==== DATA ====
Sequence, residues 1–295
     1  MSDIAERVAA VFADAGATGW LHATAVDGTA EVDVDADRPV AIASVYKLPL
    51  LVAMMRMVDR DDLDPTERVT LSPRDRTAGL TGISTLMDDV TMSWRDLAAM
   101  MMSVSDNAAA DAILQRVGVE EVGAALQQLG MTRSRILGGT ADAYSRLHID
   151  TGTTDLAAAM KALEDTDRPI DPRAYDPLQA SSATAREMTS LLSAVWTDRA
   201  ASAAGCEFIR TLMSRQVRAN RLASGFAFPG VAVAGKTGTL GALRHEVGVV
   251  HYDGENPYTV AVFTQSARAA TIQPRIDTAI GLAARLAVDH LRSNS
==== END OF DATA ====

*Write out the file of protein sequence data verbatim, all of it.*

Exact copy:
Sequence, residues 1–295
     1  MSDIAERVAA VFADAGATGW LHATAVDGTA EVDVDADRPV AIASVYKLPL
    51  LVAMMRMVDR DDLDPTERVT LSPRDRTAGL TGISTLMDDV TMSWRDLAAM
   101  MMSVSDNAAA DAILQRVGVE EVGAALQQLG MTRSRILGGT ADAYSRLHID
   151  TGTTDLAAAM KALEDTDRPI DPRAYDPLQA SSATAREMTS LLSAVWTDRA
   201  ASAAGCEFIR TLMSRQVRAN RLASGFAFPG VAVAGKTGTL GALRHEVGVV
   251  HYDGENPYTV AVFTQSARAA TIQPRIDTAI GLAARLAVDH LRSNS